Peter:- I still find the plotting hard. I would love to get to the point where I can map the whole thing out beforehand or at least a large part of it. The story often runs away with itself and I have to rein it back in and edit like crazy. Characterisation I feel like I am getting better at – I’ve know quite a few of the characters for a while now and love inventing new ones for them to get along or not get along with.
Ayo:- In A Cursed Place William Carver has to get to grips in a world where hyperbole is all the rage as opposed to the truth and it is difficult to to distinguish between fake news and real news. But not only that but the rippling effect of fake news. This is not so much a novel as contemporary history thinly disguised in literary form. Was this intentional?
Peter:- Gosh that’s a great summary of what I was trying to do. I obviously try to write thrillers that thrill… but I also want the book to ask questions and worry about issues that are worth worrying about. Fake news and the relationship between this and a handful of big tech companies are things I think are absolutely worth worrying about.
Ayo:- How would you like your characters William Carver and Patrick to be remembered?
Peter:- I hope that readers grow to like them (despite the previously mentioned faults and foibles) understand them and see them as representing (together with Viv and Jemima etc) the sort of journalism that a healthy, functioning democracy requires.
Ayo:- How much has your job as a journalist helped you with your research?
Peter:- Hugely. Its taken me to lots of fascinating places, travelling alongside and meeting interesting people at every turn. Its also provided me with an unending supply of weird and wonderful stories. Once colleagues know that you’re a keen collector of journalistic scandal and tall tales the good stuff just keeps coming.
Ayo:- There are various nods to both John Le Carre and Graham Greene in all three of your books? How much of an influence have these writers been on you?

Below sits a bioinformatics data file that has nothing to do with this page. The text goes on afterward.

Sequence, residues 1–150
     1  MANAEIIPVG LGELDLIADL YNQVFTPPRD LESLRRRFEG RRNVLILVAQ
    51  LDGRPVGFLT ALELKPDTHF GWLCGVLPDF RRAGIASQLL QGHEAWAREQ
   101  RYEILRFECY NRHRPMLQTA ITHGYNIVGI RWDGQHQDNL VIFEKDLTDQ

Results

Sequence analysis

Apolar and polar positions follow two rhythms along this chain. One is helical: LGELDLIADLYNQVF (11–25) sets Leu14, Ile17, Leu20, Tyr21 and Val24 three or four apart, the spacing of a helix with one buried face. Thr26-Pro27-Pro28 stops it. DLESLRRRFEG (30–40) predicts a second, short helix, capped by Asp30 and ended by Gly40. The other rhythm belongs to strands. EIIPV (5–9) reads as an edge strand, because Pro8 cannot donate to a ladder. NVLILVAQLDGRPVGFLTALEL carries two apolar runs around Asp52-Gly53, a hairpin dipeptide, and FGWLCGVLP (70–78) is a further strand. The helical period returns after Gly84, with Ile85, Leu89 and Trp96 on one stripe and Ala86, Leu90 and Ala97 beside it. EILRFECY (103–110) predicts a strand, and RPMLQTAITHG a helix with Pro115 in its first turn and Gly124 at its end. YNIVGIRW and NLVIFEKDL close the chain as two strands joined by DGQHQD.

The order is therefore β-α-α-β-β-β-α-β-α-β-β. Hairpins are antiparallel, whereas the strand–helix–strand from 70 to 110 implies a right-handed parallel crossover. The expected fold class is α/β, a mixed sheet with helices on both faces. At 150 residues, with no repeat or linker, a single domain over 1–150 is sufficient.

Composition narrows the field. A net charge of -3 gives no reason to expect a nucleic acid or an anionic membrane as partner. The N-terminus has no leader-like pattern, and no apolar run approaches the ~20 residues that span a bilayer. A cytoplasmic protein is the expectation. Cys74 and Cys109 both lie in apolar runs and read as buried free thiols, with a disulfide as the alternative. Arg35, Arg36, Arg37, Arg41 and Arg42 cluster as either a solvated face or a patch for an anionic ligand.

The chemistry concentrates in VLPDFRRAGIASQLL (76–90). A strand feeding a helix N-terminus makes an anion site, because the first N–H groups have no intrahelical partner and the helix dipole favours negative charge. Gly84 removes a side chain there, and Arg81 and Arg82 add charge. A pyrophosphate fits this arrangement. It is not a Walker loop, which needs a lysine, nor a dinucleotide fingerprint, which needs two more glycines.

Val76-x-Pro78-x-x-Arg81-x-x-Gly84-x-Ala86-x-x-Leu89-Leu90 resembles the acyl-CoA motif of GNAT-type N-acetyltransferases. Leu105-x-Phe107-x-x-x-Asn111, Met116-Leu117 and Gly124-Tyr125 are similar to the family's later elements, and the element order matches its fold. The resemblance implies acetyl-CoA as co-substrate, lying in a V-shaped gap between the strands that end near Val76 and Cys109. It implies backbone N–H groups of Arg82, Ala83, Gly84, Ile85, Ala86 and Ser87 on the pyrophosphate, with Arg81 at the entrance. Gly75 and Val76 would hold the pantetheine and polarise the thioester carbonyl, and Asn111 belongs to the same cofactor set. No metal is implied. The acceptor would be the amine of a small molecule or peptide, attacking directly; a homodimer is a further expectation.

Peter:- Both extremely important. It was reading Greene that made me want to write. John le Carre similarly so and in fact I wrote to him a few times and received kind and encouraging letters back. I sent him the previous book - A Single Source - in the vain hope that he might have time to read it and he wrote a lovely letter back, mentioning in passing that he thought it was a good title. I tried to persuade the publisher that we should put that on the cover of the paperback: A Single Source. ‘A good title.’ - John le Carre.
Ayo:- Are you a fan of spy thrillers and if so do you have any favourites?
Peter:- Mike Ripley introduced me to Eric Ambler (shamefully late in my reading but at least I got there) and I’ve grown to love him. Also Lionel Davidson and Anthony Price so quite old school stuff.
Ayo:- What next for William Carver?
Peter:- Ah that’s a hard one to answer without spoilers but I can say that book four will probably be more spy-centered than anything Carver has come up against before.
A Cursed Place by Peter Hanington (Hodder & Stoughton) Out Now
Knowledge is power. And they know everything.The tech company Public Square believes in 'doing well by doing good'. It's built a multi-billion dollar business on this philosophy and by getting to know what people want. They know a lot. But who else can access all that information and what are they planning to do with it? Reporter William Carver is an analogue man in a digital world. He isn't the most tech-savvy reporter, he's definitely old school, but he needs to learn fast - the people he cares most about are in harm's way. From the Chilean mines where they dig for raw materials that enable the tech revolution, to the streets of Hong Kong where anti-government protesters are fighting against the Chinese State, to the shiny research laboratories of Silicon Valley where personal data is being mined everyday.
You can follow Peter Hanington on Twitter @HaningtonPhan